Morphological variants of silent bared‐teeth displays have different social interaction outcomes in crested macaques (Macaca nigra)

Peter R. Clark, Bridget M. Waller, Anne M. Burrows, Eglantine Julle‐Danière, Muhammad Agil, Antje Engelhardt, Jérôme Micheletta

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Objectives - While it has been demonstrated that even subtle variation in human facial expressions can lead to significant changes in the meaning and function of expressions, relatively few studies have examined primate facial expressions using similarly objective and rigorous analysis. Construction of primate facial expression repertoires may, therefore, be oversimplified, with expressions often arbitrarily pooled and/or split into subjective pigeonholes. Our objective is to assess whether subtle variation in primate facial expressions is linked to variation in function, and hence to inform future attempts to quantify complexity of facial communication.

Materials and Methods - We used Macaque Facial Action Coding System, an anatomically based and hence more objective tool, to quantify “silent bared‐teeth” (SBT) expressions produced by wild crested macaques engaging in spontaneous behavior, and utilized discriminant analysis and bootstrapping analysis to look for morphological differences between SBT produced in four different contexts, defined by the outcome of interactions: Affiliation, Copulation, Play, and Submission.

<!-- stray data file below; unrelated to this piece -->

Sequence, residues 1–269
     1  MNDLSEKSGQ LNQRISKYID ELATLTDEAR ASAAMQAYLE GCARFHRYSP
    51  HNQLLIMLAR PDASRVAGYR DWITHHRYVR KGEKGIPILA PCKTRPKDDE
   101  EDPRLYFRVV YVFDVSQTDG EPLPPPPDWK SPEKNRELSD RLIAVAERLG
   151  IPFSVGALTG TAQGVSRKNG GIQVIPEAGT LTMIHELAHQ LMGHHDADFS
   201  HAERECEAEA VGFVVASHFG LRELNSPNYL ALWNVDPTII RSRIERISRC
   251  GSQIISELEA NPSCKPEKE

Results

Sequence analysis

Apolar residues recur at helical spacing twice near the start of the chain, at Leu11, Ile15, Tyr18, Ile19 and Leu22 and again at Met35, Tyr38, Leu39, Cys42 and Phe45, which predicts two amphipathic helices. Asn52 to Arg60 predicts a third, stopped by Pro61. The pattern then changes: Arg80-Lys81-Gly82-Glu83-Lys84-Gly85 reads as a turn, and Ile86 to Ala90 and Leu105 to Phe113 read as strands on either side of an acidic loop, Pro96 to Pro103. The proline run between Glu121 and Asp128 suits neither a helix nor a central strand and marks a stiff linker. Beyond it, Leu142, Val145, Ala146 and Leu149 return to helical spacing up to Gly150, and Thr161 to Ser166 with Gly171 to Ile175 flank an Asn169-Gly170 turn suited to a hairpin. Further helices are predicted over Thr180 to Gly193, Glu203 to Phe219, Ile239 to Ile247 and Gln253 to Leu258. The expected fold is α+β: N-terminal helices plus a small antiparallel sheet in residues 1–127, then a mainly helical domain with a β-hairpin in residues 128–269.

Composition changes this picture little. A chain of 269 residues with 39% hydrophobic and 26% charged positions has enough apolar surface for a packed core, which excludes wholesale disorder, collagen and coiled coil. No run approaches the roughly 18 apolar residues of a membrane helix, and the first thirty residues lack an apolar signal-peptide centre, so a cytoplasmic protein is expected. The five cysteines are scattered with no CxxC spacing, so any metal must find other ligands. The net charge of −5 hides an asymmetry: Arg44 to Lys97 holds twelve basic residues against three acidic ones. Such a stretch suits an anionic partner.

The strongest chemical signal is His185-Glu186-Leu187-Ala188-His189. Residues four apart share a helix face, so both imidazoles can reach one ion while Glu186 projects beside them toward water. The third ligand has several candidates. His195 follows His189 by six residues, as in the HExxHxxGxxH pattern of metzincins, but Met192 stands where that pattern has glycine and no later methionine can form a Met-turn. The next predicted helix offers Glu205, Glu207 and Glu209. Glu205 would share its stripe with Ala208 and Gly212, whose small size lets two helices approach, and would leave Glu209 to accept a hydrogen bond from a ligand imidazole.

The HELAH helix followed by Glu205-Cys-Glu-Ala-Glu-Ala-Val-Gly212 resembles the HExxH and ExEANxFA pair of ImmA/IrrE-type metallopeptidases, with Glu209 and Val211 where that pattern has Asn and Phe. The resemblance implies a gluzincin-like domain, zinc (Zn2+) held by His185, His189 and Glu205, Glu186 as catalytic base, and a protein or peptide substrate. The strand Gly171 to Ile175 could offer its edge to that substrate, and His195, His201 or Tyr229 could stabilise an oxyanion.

Results - We found that SBT produced in these contexts could be distinguished at significantly above‐chance rates, indicating that the expressions produced in these four contexts differ morphologically. We identified the specific facial movements that were typically used in each context, and found that the variability and intensity of facial movements also varied between contexts.

Discussion - These results indicate that nonhuman primate facial expressions share the human characteristic of exhibiting meaningful subtle differences. Complexity of facial communication may not be accurately represented simply by building repertoires of distinct expressions, so further work should attempt to take this subtle variability into account.
Original languageEnglish
Article numbere24129
Pages (from-to)411-422
Number of pages12
JournalAmerican Journal of Physical Anthropology
Issue number3
Early online date20 Aug 2020
Publication statusPublished - 1 Nov 2020


  • facial action coding system
  • facial expression
  • macaque
  • silent bared-teeth
  • social behavior


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